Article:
Law 3 (law of mind)
It's not important to be the first in the market but the first in the mind of consumers.

Law 4 (law of perception)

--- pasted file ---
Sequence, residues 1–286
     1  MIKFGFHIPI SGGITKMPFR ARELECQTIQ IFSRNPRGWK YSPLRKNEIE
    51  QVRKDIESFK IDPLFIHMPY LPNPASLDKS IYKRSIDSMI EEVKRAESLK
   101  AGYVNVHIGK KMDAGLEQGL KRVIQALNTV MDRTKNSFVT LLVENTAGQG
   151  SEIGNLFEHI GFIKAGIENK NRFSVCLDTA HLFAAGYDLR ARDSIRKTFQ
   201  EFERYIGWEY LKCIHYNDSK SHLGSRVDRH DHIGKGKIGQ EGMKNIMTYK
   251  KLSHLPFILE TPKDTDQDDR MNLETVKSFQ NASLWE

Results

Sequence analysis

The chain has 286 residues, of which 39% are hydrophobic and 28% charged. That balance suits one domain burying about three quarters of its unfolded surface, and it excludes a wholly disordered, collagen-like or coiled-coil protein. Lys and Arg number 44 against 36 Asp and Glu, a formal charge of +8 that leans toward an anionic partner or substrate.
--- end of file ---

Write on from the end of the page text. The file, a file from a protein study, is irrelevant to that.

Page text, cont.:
Therefore the advice is only possibly relevant to a few people who design marketing campaigns for those behemoths but useless for all small business. Being simple is good but not when the reality is more complex. The problem is that there aren't that many companies that are big enough to own a word in people's consciousness. Therefore one way of changing the perception is to change the reality (e. However our perception is mostly grounded in objective reality. First this law seems to be derived from mega-corporation. IBM owns "computer". Reality doesn't exists. Law 5 (law of focus) "The most powerful concept in marketing is owning a word in the prospect's mind". people perceive Honda as a manufacturer of motorcycles. Burger King tried to own word "fast" which was already owned by McDonald. Honda is a leading Japanese car manufacturer in US but only third in Japan (after Toyota and Nissan). improve the quality of your cars). however. what we call "reality" is just a perception of reality that we create in our minds. Maybe having the desired reality is not enough to achieve desired perception but it's hard to argue that you can create any perception you want regardless of reality. I guess you're supposed to use it in your marketing/advertisement material but such statement is not very helpful for a marketer (I think. In Japan. This talk about "owning" words is a bit silly. . FedEx owns "overnight". After all if it's raining not many people will maintain the perception that it's wonderfully sunny day. Therefore what's important is that marketing should be focused on changing the perception. Owning in this context means that if people hear or see this word they usually connect it with a company that "owns" this word.g. The book doesn't say anything about how to actually own the word. Law 6 (law of exclusivity) It's fruitless to try to take over a word that is already owned by a competitor. If the quality of the car was the most important thing it should have the same position in all markets. If your car breaks down every 10 miles no amount of marketing will convince people that it has high quality. You can't take somebody else's word I can't help but to think that this book has overly simplified thinking. I fully accept the premise (that perceptions is our reality). and failed miserably. I have mixed feelings about this law.Marketing is not about products (their features or quality) but about perceptions (how people perceive products). There aren't even enough words to own to satisfy 10% of business in US. I'm not one). FedEx tried to take over "worldwide" from DHL.